ACH Guidelines for Assessment of Digital Scholarship in Tenure and Promotion

ACH Guidelines for Assessment of Digital Scholarship in Tenure and Promotion

This document was prepared by the Executive Board of the ACH during the Fall and Spring of 2015-16. Feedback from the community was solicited in the summer of 2016, and incorporated over the following months.


Following the lead of scholarly societies in some of the disciplines most actively represented in digital humanities work, the Association for Computers and the Humanities is putting forth some draft guidelines for the evaluation of digital scholarship in tenure and promotion processes. We are grateful to the Modern Language Association, the American Historical Association, Emory University, University of Southern California, Texas A&M, University of Nebraska-Lincoln, the NINES Institute on Evaluating Digital Scholarship, and our many colleagues for doing the work on which we base our guidelines.


  • Expectations about any individual scholar’s tenure and promotion criteria should, as much as possible, be made clear at the time of hiring, reviewed at intermediate stages, and reflect a sincere commitment on the part of both the scholar and the institution to assess the scholarly contribution fairly.
  • Scholarship should be considered for its contribution to the scholar’s discipline, and, where relevant, additional fields including the field of digital humanities.
  • In addition to traditional scholarly work, digital platforms, tools, and other resources may be considered scholarly products with potential to contribute to the field of inquiry. They should be reviewed on the basis of their originality, use value, sustainability, and other contextual aspects of quality outlined below.
  • Digital contributions might constitute all or part of a project (e.g. metadata might make a scholarly contribution) if it adds to knowledge in the discipline.

Assessment process

  • Materials must be reviewed in their native format and medium so that the contribution is assessed for its merits as a digital project. Explanations of the technical or design features can accompany the project to assist reviewers unfamiliar with digital work, but these should not substitute for the project in its native format.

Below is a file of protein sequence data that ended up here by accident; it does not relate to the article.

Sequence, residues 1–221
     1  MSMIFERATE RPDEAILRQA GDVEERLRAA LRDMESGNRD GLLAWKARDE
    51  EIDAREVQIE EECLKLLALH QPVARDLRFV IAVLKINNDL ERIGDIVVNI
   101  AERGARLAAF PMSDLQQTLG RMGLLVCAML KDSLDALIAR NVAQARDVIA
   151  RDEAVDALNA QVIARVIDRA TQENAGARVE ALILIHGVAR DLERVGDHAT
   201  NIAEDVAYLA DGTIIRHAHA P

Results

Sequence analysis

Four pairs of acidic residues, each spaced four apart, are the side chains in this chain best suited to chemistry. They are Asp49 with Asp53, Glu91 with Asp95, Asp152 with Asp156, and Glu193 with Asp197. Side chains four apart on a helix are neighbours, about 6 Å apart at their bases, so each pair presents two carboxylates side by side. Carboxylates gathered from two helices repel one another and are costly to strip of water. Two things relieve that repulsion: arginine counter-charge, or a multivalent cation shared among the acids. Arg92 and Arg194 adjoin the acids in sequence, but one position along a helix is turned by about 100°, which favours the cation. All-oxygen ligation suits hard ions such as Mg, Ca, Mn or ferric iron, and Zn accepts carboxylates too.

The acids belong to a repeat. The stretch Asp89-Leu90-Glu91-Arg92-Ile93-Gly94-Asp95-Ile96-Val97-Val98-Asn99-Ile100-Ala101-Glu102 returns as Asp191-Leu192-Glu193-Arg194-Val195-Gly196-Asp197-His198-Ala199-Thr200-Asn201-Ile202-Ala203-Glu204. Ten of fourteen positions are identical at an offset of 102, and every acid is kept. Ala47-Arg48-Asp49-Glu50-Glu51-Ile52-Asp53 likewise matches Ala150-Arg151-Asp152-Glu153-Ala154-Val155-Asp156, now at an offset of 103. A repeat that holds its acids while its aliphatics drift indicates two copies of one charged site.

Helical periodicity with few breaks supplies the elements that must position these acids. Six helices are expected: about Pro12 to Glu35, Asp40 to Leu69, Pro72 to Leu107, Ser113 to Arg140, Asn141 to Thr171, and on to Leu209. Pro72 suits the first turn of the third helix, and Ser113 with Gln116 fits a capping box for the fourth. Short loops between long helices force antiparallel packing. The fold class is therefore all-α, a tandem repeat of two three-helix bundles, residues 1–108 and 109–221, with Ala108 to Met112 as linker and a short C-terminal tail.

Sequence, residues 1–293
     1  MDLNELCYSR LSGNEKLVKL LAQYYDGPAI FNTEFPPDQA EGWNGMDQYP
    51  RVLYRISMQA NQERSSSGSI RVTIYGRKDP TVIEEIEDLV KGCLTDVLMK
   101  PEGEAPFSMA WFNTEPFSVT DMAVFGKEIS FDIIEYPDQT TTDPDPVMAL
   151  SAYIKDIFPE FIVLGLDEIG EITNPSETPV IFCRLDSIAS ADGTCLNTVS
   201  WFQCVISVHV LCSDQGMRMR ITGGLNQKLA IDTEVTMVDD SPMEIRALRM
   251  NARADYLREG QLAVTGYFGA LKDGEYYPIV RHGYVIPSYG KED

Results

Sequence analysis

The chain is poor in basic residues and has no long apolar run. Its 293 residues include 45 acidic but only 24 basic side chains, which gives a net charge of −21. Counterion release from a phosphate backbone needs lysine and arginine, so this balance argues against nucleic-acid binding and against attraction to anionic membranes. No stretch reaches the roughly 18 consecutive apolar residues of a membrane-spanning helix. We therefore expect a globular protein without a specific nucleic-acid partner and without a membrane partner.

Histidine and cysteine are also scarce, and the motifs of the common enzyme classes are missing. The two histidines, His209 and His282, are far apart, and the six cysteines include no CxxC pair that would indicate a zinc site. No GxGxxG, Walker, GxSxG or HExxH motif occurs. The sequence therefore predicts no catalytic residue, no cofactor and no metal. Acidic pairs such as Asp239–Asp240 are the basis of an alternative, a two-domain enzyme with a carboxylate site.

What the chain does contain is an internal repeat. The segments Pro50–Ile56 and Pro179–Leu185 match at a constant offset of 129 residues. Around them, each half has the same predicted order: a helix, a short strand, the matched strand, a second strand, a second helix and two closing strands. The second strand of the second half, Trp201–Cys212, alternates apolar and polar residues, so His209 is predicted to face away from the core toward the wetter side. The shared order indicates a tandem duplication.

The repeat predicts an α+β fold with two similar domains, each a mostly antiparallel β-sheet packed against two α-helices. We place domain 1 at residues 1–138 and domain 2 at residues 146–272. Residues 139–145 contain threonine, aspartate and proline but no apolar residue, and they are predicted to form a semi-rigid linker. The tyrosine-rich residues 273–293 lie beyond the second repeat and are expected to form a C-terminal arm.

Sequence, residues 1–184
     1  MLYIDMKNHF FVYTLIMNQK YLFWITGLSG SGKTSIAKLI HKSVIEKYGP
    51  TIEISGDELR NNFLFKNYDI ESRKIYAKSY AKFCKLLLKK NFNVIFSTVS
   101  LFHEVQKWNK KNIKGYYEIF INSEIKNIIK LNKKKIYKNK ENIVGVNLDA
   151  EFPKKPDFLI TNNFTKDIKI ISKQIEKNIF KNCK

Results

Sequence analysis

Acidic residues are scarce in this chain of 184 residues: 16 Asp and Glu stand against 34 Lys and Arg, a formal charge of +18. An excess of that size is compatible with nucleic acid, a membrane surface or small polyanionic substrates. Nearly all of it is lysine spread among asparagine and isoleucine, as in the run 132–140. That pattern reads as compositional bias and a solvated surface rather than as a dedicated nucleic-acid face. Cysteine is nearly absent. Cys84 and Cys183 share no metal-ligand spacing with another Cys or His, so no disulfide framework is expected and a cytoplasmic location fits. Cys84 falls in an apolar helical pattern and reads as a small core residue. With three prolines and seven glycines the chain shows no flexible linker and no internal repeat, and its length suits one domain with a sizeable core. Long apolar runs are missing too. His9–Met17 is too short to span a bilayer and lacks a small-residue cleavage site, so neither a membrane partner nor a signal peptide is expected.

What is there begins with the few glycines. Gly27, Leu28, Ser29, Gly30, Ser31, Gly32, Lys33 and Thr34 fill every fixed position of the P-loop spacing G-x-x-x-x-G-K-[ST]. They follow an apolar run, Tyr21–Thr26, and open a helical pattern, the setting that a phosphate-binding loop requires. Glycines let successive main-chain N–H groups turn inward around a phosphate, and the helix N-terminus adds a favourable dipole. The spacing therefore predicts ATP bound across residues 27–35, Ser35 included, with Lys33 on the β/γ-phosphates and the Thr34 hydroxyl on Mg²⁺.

• The following aspects of digital scholarly products should be reviewed independently of each other by knowledgeable parties:
    • technical implementation details
    • design
    • content
    • data (content and design)
    • sustainability/projected lifespan
    • intellectual argument and impact to the home discipline or the field of digital humanities

Some metrics for assessing tools, projects, and platforms

 Digital projects take a variety of forms. These include the production and/or publication of data sets, results of analysis, inquiry into existing corpora through digital means, archives, metadata, as well as the creation of tools and platforms.

Overall Evaluation       

  • Intellectual contribution and substantive research contribution in the humanities
  • User experience as purposeful in ways that add value to the profession
  • Evidence of platform/tool use by communities of practice 

Impact and dissemination

  • Peer-Review of the project including internal or external funding, pre-publication review, and post-publication review
  • Links to the project from other projects
  • Citation in other projects, blogs, tweets, social media, reports, media coverage
  • Presentation and/or discussion in conference presentations, published articles, and other vehicles of scholarly communication

Candidate responsibilities

  • Ask for clarification of assessment criteria at the time of hiring
  • Negotiate roles/responsibilities to distinguish research from service